Achievement Zones

This was a fun weekend my daughter was home for a wedding and Steve Odgers, a former athlete and a colleague with the White Sox visited. Steve now works for Scott Boras, the most powerful agent in baseball. He does the conditioning for Boras clients. In that capacity he works with some of the biggest names and highest paid players in baseball. The point of all of this is that Steve and I and then Kristen and I at different times on the weekend were talking about work, training, achievement and success. Here are my thoughts based on my conversations with them.

Anyone can work. Work is not training. Training has a specific direction and purpose in pursuit of a specific goal. There are three training zones.

Zone One is the foundation. This is where the athlete starts. They get familiar with training. They learn routine. The work is more general in nature. In essence they get in a comfort zone.

Zone Two is the performance zone. Here they learn to be uncomfortable. They intensity is higher. There is a narrower focus.

Zone Three is the high performance zone. This is the zone where many are called and few are chosen. The focus is lazer like. This demands the highest level of commitment. Everything here is purposeful, mindful and directed. There is no fluff. This is where the big dogs play.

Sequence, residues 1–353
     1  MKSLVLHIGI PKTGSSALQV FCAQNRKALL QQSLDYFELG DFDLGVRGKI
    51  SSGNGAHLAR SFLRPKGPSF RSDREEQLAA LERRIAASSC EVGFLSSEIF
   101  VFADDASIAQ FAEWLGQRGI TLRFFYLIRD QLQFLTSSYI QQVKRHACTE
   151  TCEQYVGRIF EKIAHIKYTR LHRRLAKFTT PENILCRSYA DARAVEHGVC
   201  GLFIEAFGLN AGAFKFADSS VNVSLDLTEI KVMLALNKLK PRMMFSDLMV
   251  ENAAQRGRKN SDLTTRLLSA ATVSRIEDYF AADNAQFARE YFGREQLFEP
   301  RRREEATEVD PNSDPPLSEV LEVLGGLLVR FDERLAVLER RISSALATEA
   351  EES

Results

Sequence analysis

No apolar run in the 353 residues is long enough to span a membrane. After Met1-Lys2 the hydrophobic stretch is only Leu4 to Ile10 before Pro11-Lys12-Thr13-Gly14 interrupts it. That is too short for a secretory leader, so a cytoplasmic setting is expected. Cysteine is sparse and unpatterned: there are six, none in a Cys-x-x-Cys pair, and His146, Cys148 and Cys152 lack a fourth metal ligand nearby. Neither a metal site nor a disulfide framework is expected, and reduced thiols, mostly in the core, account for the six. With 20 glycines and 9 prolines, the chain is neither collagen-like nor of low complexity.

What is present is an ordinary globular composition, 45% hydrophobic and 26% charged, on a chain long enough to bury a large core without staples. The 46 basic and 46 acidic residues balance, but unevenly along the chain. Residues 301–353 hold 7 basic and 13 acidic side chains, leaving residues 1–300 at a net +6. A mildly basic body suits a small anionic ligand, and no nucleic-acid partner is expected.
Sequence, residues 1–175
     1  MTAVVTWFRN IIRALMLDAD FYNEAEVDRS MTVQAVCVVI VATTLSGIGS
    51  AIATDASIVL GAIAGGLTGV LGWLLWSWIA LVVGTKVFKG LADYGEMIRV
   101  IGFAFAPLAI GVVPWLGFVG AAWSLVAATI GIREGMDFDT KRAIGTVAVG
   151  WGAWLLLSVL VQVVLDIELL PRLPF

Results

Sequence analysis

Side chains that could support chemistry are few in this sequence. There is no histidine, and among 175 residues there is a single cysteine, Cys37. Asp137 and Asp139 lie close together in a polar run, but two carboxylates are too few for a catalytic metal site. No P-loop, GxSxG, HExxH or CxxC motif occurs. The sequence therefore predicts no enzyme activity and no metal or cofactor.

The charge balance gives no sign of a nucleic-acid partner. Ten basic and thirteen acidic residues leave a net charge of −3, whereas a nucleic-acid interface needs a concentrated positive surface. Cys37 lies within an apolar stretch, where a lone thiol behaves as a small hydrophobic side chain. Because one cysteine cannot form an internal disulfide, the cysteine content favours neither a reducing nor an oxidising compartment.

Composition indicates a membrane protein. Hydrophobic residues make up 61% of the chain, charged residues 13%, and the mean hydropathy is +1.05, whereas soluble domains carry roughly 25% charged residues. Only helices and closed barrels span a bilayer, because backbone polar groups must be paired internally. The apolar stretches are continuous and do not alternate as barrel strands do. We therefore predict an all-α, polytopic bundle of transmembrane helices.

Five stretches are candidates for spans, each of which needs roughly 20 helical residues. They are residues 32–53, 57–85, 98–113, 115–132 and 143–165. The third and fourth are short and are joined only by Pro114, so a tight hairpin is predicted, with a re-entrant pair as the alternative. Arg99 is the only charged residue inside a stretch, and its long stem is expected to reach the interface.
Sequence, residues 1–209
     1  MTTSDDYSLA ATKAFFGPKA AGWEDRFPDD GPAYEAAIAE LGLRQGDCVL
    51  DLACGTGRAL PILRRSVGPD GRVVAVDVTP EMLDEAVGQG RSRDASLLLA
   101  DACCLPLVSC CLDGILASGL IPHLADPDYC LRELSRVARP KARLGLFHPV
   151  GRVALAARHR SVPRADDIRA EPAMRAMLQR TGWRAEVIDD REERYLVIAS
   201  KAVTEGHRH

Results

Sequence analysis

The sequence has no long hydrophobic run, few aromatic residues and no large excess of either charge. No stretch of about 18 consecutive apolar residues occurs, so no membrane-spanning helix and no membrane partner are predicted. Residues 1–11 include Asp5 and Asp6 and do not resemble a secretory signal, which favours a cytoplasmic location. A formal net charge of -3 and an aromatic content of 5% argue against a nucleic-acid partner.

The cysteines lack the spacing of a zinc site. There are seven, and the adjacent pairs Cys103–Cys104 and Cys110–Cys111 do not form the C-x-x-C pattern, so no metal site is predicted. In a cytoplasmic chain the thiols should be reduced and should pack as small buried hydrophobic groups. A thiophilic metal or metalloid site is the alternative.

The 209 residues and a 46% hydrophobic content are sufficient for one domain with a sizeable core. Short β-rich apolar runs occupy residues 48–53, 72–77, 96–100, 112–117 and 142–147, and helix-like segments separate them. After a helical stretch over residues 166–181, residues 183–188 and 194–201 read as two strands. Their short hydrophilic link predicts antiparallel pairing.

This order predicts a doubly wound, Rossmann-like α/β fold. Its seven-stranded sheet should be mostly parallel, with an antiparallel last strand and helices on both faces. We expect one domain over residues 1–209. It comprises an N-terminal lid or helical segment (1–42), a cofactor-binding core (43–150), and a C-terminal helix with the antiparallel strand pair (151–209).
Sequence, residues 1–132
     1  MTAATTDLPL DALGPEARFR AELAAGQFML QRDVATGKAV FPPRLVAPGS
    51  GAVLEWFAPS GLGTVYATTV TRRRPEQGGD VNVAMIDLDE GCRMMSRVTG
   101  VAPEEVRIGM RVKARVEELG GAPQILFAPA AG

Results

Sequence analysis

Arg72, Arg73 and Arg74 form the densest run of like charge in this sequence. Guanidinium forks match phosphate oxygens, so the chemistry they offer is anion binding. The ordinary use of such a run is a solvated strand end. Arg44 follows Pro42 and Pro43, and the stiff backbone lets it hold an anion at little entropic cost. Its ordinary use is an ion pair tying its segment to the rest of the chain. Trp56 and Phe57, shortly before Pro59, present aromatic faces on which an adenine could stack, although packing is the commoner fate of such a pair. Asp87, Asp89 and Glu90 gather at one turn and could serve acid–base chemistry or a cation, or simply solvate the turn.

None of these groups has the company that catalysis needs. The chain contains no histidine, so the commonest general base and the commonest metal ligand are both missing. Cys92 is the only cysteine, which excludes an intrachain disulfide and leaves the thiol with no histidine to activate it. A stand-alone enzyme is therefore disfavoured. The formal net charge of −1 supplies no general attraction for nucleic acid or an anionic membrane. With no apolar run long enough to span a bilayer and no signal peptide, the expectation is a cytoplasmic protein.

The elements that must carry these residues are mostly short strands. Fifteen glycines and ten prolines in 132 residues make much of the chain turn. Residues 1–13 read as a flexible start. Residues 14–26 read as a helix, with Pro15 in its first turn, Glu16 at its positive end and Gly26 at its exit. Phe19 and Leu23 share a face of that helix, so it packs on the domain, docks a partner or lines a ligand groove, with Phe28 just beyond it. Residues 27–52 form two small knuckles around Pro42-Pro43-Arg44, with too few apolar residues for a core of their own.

Progression from zone to zone is not automatic. There is no social promotion. Each step must be earned. It seems that the hardest transition is getting out of zone one. There are many million dollars athletes in zone one. They are simply getting by on ability and skill. The great one, the ones who achieve consistently at the highest levels live work and play in zone three.


At 2/26/07, 1:32 PM, Anonymous Anonymous said...


I found this very helpful. Concise, clear. Coaches, athletes, parents and administrators would benefit tremendously from this simple and well said principle.

Tim Clark

At 2/26/07, 6:48 PM, Anonymous Anonymous said...


Dave K.

At 2/26/07, 8:50 PM, Blogger Barry said...

I showed this to a volleyball coach that I work with and she liked it so much she decided to put it in her training journal that her athletes will fill in for the their summer training, on the inside cover. With full credit to you, Vern. Even a couple of her veteran atheltes saw it today and it was like a light went on for them.

This address a problem we had identified and were trying to find a way to get the point across about focus, committment and working hard day in and day out.

Barry Stockbrugger

At 2/26/07, 11:00 PM, Anonymous Anonymous said...



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